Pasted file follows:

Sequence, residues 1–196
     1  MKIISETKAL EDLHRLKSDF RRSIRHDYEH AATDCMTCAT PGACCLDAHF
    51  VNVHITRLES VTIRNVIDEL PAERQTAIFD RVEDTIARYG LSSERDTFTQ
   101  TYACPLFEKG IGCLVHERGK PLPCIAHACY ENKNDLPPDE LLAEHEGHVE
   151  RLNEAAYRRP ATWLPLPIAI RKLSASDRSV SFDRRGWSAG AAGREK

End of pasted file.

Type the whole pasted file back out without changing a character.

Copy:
Sequence, residues 1–196
     1  MKIISETKAL EDLHRLKSDF RRSIRHDYEH AATDCMTCAT PGACCLDAHF
    51  VNVHITRLES VTIRNVIDEL PAERQTAIFD RVEDTIARYG LSSERDTFTQ
   101  TYACPLFEKG IGCLVHERGK PLPCIAHACY ENKNDLPPDE LLAEHEGHVE
   151  RLNEAAYRRP ATWLPLPIAI RKLSASDRSV SFDRRGWSAG AAGREK